Mumbai has grown by 20 sq km in 20 years in BMC survey | mumbai | Hindustan Times
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Mumbai has grown by 20 sq km in 20 years in BMC survey

mumbai Updated: Sep 13, 2012 01:38 IST
Kunal Purohit

The city has grown in size, by 20 sq km of land, if the latest civic study is to be believed. The survey to map the city’s existing land use (ELU) shows that Mumbai has grown from 438 sq km (as per the 1991 development plan) to 457.17 sq km - the equivalent of 11 Oval Maidans have been added to the city.

These figures are part of the ELU survey, which will form the basis for the new DP.

Interestingly, this coincides with a marked reduction in the area shown under mangroves, saltpans and other environmental features when compared to the 1991 DP. In its September 12 edition, HT had reported how the mudflats in the city have reduced to 366 hectares in the ELU, from a massive 1,812 hectares in a 2009 Union environment ministry study, which is a loss of 1,446 hectares, or about 80% of the mudflats.

How did the city increase in size? The ELU prepared by an international consortium, Groupe SCE India Ltd, has mapped environmental features along with the land currently in use, something that has not happened previously.

An official, who is part of the revision process, said: “Mumbai’s area has been dictated by records maintained by the revenue department, while the ELU’s mapping depended on modern technology, which includes using satellite imagery. As a result, we included areas such as mudflats, beaches and other coastal areas that have never been mapped before.So Mumbai’s area has increased.”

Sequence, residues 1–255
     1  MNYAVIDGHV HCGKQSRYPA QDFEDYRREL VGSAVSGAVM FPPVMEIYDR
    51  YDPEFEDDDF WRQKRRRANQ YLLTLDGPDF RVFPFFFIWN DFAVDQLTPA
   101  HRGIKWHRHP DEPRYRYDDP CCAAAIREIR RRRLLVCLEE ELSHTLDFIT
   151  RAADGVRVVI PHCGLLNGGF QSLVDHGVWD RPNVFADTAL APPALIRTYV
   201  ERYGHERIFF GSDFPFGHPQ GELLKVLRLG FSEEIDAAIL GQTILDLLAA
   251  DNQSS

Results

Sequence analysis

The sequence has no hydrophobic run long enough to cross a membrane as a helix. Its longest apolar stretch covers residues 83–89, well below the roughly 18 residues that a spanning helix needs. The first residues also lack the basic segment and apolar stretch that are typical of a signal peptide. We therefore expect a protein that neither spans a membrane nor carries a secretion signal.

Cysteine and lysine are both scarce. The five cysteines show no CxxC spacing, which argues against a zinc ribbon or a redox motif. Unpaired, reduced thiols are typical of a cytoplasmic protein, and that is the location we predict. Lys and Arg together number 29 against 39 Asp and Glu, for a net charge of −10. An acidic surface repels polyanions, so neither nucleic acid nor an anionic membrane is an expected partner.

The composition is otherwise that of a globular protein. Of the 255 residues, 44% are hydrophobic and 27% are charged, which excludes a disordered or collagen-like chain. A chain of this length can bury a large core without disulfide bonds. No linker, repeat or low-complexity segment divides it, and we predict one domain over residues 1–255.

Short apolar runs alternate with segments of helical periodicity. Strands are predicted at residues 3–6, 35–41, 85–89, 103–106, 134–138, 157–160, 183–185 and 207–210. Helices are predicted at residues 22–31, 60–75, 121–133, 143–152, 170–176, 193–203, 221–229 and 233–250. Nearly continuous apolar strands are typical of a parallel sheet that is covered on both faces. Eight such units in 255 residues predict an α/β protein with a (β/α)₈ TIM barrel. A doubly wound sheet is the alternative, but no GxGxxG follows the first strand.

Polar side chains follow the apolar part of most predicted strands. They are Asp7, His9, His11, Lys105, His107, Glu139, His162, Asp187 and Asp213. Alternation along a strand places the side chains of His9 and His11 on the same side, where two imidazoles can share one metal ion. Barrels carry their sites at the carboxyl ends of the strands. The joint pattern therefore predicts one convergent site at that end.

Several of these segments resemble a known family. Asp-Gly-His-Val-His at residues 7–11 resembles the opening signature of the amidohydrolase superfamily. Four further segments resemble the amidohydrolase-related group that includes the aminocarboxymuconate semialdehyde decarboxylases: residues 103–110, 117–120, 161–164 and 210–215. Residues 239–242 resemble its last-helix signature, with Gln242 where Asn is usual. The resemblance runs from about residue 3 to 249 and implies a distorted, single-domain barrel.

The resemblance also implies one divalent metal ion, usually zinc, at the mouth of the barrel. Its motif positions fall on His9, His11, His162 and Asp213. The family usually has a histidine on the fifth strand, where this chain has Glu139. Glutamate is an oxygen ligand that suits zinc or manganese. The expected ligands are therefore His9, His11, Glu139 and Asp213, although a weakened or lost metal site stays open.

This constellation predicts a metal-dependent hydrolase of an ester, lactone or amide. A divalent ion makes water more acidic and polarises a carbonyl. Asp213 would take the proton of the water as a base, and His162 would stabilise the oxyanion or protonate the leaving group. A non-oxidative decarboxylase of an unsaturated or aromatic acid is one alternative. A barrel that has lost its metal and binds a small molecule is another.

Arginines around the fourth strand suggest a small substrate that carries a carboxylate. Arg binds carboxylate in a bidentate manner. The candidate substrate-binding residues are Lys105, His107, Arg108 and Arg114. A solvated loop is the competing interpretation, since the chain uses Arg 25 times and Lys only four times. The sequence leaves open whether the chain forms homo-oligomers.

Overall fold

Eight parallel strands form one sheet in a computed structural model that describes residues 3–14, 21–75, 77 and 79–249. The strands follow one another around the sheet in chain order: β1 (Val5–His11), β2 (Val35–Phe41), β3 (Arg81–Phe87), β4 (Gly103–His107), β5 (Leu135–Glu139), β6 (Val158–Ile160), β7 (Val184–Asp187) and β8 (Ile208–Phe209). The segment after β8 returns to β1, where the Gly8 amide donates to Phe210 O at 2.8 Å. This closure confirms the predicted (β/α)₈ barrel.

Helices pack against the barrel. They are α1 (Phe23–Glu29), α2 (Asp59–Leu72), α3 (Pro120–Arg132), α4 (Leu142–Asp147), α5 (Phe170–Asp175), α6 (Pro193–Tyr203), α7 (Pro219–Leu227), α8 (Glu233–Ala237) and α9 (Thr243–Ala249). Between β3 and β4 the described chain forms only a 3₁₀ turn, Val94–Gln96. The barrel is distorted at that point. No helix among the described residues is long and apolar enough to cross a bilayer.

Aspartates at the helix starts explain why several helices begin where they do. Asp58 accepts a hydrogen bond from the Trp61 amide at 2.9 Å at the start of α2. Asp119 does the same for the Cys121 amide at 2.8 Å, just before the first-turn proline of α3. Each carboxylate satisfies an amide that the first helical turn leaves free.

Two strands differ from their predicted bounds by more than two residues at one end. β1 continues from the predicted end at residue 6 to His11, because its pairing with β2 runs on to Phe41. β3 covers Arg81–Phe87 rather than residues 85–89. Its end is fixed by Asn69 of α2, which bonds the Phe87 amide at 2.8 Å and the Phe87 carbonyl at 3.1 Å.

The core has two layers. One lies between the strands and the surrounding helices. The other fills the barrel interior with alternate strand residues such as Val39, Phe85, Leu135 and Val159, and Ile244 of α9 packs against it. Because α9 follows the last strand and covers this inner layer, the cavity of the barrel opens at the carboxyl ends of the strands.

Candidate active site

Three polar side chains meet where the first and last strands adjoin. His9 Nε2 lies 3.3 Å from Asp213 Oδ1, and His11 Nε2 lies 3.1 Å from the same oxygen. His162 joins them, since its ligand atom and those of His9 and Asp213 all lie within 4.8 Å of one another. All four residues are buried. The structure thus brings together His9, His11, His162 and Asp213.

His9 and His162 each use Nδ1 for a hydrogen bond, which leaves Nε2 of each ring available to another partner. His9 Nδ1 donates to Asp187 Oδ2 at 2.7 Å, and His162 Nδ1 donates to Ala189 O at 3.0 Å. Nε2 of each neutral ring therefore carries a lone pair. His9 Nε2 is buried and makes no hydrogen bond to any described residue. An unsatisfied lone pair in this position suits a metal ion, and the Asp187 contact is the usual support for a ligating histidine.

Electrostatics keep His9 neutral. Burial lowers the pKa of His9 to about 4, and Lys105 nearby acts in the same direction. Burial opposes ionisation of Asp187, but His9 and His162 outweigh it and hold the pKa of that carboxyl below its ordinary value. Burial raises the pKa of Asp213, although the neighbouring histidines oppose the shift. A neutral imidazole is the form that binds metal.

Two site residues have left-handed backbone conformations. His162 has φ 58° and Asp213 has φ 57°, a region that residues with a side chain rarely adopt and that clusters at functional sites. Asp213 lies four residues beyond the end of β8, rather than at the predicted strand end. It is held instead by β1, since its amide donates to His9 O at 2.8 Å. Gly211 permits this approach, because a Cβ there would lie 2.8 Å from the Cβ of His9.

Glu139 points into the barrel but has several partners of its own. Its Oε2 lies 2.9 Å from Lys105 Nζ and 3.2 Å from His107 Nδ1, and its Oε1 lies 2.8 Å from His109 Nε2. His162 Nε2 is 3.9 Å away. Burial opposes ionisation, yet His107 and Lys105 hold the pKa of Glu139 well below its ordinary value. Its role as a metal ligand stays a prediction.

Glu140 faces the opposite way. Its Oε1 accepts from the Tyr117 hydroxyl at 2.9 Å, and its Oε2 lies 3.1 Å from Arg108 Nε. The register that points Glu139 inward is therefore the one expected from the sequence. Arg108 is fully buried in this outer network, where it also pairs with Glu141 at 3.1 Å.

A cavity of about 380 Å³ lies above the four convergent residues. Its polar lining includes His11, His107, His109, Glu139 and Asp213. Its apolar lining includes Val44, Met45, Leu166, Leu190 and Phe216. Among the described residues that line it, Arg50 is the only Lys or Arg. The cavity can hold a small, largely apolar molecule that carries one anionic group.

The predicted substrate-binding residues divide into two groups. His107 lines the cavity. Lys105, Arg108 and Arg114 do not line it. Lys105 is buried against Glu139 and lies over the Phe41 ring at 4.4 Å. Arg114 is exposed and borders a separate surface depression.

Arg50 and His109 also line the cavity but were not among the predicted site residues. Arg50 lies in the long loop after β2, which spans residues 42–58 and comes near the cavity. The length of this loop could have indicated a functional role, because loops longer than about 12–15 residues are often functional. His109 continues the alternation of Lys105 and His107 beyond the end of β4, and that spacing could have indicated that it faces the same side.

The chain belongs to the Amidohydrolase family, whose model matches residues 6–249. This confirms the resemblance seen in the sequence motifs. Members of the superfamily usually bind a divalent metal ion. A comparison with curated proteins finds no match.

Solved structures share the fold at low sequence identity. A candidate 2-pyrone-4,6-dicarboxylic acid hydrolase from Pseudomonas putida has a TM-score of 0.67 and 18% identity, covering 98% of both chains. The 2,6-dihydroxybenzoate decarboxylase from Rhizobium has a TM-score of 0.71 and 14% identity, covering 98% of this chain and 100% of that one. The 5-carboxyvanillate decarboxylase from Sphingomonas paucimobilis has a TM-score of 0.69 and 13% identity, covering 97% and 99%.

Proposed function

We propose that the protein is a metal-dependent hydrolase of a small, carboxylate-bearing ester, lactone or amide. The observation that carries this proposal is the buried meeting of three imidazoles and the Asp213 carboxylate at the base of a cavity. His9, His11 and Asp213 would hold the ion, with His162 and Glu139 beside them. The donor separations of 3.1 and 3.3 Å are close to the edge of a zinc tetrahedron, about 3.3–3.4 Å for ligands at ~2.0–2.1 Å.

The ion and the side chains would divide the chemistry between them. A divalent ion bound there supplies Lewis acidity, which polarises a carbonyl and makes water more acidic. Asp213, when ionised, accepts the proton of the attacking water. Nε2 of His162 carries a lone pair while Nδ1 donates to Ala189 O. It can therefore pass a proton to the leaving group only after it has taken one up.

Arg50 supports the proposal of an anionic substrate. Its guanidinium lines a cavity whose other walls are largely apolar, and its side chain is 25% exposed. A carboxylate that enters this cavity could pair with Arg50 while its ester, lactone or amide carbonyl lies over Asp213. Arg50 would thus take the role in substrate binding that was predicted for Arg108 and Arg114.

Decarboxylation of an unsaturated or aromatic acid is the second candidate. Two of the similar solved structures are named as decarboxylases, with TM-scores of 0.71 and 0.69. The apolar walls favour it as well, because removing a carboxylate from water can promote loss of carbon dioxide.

The official said no land was being reclaimed to add more area to the city.

“We have not carried out any reclamation in order to bring more land into the city’s usage. This survey will help get an estimate of the exact area that the city spans across.”

Despite the increase in the city’s size, the area of some wards has gone down. The A ward, for instance, has reduced from 11.37 sq km to 11.21 sq km. The depletion of environmental features has raised questions over the way the mapping has been done.

“Such a drastic decline in features such as mangroves and mudflats is not possible, and it points to massive errors or large-scale irregularities in the way these features have been mapped,” said Pankaj Joshi, executive director of the city-based Urban Design Research Institute, which has studied and analysed the ELU.